Huge under-delivery on 16 to 18 apprenticeships
More than 520 providers under-delivered on their August 2012 16 to 18 apprenticeship allocations by a total of £241.5m.
Research by FE Week into figures released by the Education Funding Agency, shows 769 colleges and independent learning providers (ILPs) were initially going to be funded with £826.9m for the programme.
In spite of these difficulties we revised our plans at the end of the first quarter, when we had a better indication of market conditions, and delivered at a similar level to the previous year.”
But 524 providers delivered less than their initial allocation by a total of £241.5m come the end of last academic year. And, while the funding allocation for all providers’ under-19 apprenticeships delivery had been revised down to £663.8m by July last year, the Skills Funding Agency still paid out £46.1m less than this.
It comes after FE Week reported in June last year how Simon Judge, the Department for Education’s finance and commercial director, wrote to the Education Select Committee to explain why the budget for under-19 apprenticeships in the current financial year had fallen nearly 20 per cent to £684.3m.
He said the removal of poor quality provision explained some of the under-spend, but increased competition from applicants aged 19-plus, funded by the Department for Business, Innovation and Skills, was also a factor.
And figures published before Christmas, in the statistical first release, showed the number of under-19 apprenticeship starts fell from 129,900 in 2011/12, to 114,500 in 2012/13. However, across the sector, 245 providers over-delivered on their August allocation by a total of £32.3m.
Nevertheless, the largest under-delivery was by Pearson in Practice Technology Limited, which was allocated £46.5m in August 2012 but was given £1.4m. A spokesperson said Pearson in Practice “closed down” a year ago, but declined to comment further.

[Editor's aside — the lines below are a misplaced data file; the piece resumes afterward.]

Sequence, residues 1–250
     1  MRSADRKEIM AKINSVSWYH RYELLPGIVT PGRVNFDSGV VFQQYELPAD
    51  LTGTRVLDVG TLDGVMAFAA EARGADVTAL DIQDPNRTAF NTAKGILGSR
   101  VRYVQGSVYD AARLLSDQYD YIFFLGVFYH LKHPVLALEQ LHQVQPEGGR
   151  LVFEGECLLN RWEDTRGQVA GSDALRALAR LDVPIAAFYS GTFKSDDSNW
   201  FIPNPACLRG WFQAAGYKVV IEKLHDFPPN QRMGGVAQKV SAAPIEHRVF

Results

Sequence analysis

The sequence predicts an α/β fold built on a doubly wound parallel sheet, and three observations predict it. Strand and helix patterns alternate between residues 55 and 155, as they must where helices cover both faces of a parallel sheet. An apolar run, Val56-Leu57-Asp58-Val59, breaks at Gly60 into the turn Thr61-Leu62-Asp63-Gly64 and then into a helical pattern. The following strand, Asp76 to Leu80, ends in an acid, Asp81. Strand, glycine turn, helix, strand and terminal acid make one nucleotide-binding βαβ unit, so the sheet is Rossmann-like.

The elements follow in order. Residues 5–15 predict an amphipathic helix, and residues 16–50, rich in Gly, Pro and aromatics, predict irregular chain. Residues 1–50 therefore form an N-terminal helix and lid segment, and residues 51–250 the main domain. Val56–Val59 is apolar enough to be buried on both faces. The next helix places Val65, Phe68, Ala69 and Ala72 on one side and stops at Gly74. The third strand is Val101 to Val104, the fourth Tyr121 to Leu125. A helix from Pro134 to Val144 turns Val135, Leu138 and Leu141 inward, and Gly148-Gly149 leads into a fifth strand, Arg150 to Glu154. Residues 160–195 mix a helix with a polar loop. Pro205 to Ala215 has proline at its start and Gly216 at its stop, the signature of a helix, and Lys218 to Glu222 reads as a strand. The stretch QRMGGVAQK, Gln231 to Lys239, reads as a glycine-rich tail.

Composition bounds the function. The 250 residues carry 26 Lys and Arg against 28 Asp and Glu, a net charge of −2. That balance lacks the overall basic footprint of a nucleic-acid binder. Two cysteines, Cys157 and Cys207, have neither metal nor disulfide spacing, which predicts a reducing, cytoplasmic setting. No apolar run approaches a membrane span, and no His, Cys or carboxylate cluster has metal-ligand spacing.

The second largest under-delivery was by JTL, another ILP, which was allocated £17.4m for under-19 apprenticeships, but given £11.1m.
A spokesperson for JTL said: “Increased employer contributions [towards the cost of apprenticeships] in a sector that is only just starting to recover from economy-wide setbacks has meant that many employers have been reluctant to take on a four year commitment.”
Newcastle College Group was originally allocated £7.3m, but received £4m — the biggest drop among colleges.
Chris Payne, group director of planning and performance, said: “Employers were not keen to take on younger apprentices due to the economic climate.
“In spite of these difficulties we revised our plans at the end of the first quarter, when we had a better indication of market conditions, and delivered at a similar level to the previous year.”
A government spokesperson said: “We are radically reforming apprenticeships so that they are more rigorous and responsive to the needs of employers. The small decline in 16 to 18 apprenticeship starts is due to quality improvement measures.”
A number of providers were omitted from FE Week research where they appeared solely in government figures for either August allocations or final funding levels.